CLCS was led by Francisco Martinez, who—despite being incarcerated at the “Supermax” federal prison complex in Florence, Colorado—maintained control over CLCS and other Los Angeles 18th Street cliques from his cell. Originally a member of CLCS himself, Martinez was convicted of “[r]acketeering and a bunch of murders” in the 1990s and thereupon joined the Eme, which continues to wield control over most of the Hispanic gangs of Southern California. Martinez maintained his grip over CLCS with the help of disgraced attorney Isaac Guillen, who testified for the government in Appellants’ trial. Guillen used the shield of the attorney–client privilege to circumvent Florence's security procedures, secreting and passing information and orders to and from Martinez and CLCS's street leaders.
CLCS leaders, including Hernandez and both Irahetas, would divvy up all the rent collected, section off Martinez's share—usually $5,000 to $17,000 a week—and deliver it to Guillen. Guillen would launder the money by investing it in a variety of businesses, funneling it to Martinez's relatives in Mexico, or putting it on Martinez's inmate “books” at Florence. This scheme enriched Martinez and enabled him to continue to exercise control over this lucrative and violent Los Angeles neighborhood.
The Garcia Murder and its Aftermath
Francisco Clemente sold black-market goods at a street stand in CLCS territory. He got on the wrong side of CLCS leaders by acting disrespectfully and refusing to pay rent. In the summer of 2007, CLCS leader Pantoja tired of Clemente and chased him out of the neighborhood, telling rent-collector Juan Pablo Murillo to “take care of it” if Clemente returned. When Clemente did return, Murillo enlisted Macedo—then 18 years old—to show Clemente what became of those who defied CLCS. Late at night on September 15, 2007, Macedo and Murillo made their way to Clemente's stand on Sixth Street, and Macedo fired several shots at him. Clemente was wounded but survived. 21-day-old Garcia was not so lucky—he was struck and killed by a stray bullet.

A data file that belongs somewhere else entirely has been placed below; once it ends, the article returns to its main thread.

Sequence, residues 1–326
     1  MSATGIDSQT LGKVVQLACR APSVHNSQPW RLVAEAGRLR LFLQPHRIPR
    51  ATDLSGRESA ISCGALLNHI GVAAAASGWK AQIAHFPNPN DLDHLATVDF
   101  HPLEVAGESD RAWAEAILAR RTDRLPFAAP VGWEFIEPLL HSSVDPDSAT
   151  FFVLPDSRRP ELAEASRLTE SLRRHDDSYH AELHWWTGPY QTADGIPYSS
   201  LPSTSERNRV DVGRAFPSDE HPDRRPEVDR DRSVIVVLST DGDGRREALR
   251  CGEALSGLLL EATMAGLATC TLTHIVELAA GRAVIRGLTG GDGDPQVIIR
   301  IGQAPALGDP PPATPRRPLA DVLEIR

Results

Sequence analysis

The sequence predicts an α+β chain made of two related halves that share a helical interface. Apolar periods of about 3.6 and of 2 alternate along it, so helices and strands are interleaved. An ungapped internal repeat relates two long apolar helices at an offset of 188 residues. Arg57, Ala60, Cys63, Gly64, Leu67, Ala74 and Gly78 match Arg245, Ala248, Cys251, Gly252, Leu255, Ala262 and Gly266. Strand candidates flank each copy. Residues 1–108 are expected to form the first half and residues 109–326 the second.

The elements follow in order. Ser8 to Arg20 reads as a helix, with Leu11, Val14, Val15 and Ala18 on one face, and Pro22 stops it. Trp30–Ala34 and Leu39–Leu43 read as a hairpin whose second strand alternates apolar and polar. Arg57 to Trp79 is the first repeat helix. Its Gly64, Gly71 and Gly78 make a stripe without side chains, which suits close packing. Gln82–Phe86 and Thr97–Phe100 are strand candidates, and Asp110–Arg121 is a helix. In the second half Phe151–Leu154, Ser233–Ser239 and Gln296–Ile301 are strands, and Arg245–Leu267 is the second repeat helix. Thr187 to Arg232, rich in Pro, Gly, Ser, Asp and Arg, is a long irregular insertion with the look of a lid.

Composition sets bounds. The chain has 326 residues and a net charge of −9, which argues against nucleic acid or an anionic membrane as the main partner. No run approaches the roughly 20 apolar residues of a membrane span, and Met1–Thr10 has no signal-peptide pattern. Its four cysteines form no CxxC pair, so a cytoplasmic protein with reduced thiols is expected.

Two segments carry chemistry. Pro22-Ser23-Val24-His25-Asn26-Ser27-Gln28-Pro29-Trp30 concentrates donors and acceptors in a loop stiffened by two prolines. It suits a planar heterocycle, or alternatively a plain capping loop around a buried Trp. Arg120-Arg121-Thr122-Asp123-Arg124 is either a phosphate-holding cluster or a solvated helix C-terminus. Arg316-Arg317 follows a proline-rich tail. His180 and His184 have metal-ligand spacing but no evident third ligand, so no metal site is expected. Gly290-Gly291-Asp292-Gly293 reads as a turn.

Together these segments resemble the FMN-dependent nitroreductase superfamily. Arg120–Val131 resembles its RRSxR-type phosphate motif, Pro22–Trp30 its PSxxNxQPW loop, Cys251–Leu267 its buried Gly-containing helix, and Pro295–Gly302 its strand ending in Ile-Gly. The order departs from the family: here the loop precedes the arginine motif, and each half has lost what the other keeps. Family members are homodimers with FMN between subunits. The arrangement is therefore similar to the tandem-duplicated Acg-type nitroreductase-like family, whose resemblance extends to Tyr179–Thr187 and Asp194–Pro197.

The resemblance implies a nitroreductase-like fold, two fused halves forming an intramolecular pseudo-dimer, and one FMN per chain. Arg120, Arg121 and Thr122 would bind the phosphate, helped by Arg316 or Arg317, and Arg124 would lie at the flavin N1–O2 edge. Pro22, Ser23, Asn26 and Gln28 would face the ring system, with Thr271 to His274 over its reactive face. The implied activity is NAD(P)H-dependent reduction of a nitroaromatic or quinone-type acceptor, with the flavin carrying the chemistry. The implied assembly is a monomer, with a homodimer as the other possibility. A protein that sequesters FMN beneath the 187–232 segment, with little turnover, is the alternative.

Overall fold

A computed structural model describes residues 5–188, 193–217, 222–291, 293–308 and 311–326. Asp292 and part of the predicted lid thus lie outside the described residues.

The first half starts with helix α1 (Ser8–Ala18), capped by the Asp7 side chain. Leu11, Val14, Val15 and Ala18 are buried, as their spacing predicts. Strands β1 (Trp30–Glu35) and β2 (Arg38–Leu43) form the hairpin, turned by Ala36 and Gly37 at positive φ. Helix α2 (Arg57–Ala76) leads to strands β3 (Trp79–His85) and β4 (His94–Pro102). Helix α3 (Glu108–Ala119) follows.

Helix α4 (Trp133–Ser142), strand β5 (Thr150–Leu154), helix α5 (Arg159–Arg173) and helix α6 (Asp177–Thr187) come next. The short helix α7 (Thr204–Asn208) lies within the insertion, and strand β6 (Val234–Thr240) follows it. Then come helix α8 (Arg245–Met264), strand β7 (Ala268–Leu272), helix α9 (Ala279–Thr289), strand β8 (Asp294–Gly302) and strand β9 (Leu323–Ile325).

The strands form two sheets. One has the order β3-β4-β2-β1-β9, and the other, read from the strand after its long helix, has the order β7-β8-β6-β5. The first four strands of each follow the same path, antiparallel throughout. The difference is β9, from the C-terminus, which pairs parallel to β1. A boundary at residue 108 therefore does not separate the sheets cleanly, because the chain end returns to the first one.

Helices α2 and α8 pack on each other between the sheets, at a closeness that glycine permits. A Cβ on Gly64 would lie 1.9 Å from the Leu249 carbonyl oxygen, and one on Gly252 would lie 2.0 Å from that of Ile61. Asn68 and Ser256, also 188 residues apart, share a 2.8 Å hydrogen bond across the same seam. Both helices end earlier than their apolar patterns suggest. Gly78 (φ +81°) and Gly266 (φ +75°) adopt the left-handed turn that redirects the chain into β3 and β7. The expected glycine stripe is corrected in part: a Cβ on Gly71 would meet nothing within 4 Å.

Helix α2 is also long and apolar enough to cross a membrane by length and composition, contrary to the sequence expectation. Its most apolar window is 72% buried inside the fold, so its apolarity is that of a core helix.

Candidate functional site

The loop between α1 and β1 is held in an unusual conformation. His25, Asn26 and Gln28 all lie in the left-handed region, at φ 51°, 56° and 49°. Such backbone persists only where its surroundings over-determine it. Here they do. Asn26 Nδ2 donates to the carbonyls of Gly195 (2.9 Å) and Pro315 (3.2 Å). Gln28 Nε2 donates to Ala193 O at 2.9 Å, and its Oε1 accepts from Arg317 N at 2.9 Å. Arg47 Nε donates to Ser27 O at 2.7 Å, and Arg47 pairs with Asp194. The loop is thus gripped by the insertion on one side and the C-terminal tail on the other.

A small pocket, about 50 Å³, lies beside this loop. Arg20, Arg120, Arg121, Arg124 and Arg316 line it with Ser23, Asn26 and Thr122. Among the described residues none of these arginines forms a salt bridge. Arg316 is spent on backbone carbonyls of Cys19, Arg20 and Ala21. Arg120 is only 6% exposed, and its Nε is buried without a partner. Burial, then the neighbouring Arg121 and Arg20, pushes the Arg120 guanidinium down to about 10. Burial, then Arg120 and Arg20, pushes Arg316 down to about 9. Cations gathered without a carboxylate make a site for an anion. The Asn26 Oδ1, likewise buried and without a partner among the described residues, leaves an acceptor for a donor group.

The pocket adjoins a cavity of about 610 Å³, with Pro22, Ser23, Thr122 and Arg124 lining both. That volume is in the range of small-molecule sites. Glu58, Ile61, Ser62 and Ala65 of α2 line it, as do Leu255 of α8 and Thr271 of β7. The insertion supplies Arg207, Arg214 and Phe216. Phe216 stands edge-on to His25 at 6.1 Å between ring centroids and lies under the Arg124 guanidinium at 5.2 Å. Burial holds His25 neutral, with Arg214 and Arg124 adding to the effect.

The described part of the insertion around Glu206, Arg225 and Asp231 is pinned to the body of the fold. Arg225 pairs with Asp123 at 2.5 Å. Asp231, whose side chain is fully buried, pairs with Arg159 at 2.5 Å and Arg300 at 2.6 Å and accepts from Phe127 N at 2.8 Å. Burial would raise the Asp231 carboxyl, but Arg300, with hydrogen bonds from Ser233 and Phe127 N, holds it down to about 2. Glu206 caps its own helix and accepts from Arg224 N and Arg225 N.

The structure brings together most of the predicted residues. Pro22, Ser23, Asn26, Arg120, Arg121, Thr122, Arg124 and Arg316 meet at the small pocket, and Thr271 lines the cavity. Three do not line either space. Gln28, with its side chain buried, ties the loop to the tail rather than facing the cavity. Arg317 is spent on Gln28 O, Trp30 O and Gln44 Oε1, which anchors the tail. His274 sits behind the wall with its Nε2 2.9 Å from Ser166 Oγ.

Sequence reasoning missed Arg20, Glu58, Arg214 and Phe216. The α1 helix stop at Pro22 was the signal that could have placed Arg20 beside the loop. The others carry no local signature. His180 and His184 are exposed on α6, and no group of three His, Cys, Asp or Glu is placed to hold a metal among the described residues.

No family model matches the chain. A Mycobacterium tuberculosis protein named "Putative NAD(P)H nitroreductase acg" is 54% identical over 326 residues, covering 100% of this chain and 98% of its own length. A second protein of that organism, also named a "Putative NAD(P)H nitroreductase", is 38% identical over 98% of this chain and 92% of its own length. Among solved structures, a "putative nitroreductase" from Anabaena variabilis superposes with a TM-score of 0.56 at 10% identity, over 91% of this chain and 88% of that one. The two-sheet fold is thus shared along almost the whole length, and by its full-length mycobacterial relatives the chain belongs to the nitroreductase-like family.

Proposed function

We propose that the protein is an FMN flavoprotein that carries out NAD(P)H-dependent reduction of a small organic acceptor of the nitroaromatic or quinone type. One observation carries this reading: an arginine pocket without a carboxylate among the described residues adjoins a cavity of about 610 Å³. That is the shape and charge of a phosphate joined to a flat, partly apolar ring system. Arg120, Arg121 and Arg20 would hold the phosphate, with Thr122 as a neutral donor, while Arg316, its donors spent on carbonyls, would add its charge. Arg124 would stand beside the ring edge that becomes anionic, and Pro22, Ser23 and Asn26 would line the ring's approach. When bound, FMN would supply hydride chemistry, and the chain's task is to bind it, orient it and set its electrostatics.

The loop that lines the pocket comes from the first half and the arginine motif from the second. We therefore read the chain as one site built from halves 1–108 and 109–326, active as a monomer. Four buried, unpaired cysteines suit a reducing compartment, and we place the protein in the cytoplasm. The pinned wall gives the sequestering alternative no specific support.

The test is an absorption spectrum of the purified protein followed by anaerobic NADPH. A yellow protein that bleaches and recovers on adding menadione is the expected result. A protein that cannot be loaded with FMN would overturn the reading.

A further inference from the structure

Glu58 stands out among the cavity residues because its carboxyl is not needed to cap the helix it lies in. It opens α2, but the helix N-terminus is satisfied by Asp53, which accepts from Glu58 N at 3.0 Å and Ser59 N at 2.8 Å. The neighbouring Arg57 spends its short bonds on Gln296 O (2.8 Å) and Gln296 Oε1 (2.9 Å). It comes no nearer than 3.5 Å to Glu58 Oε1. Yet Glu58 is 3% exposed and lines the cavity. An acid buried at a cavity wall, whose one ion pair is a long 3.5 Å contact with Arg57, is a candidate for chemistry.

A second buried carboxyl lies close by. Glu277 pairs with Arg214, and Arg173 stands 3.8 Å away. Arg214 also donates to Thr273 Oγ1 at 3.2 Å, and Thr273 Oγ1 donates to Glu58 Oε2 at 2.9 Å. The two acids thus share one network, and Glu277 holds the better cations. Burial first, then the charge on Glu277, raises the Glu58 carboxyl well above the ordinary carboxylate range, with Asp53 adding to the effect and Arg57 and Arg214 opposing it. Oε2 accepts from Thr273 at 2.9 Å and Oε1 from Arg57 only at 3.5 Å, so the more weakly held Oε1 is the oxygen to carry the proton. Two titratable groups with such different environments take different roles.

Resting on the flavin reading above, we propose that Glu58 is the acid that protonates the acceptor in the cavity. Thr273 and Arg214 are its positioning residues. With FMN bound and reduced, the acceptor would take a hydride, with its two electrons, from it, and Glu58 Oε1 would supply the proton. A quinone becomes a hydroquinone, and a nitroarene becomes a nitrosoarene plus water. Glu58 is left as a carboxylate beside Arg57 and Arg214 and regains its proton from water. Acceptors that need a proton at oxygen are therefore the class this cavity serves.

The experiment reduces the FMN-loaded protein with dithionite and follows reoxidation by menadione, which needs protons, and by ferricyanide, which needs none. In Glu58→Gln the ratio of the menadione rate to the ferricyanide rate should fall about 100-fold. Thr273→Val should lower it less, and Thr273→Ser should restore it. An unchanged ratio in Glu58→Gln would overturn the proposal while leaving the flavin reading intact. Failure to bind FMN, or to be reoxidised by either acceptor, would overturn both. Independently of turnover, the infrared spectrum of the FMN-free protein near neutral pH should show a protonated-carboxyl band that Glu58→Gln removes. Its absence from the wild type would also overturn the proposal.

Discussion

When he found out what had happened, Pantoja testified that he told Murillo the latter had “fucked up” by killing baby Garcia, violating the Eme's strict code against murdering infants and potentially triggering a gang-wide “green light” whereby all CLCS members would become targets for murder by other Eme-affiliated gangs. Pantoja told Murillo that Macedo “had to be dealt with.” Murillo, a member of an allied 18th Street clique—South Central—enlisted the help of fellow South Central member Javier Perez. At around 10 p.m. on September 19, Murillo and Perez went to the home of another South Central member, Flor Aquino, and demanded the use of her Chevrolet Tahoe, purportedly to take Macedo to San Diego to hide out. Aquino reluctantly agreed, but decided she would do the driving. Murillo and another gang member went to Macedo's apartment, ordered him into the car, and drove away before informing him they were taking him to Mexico. They met up with Aquino and Perez at Aquino's home, and together Murillo, Perez, Aquino, and Macedo departed for Mexico.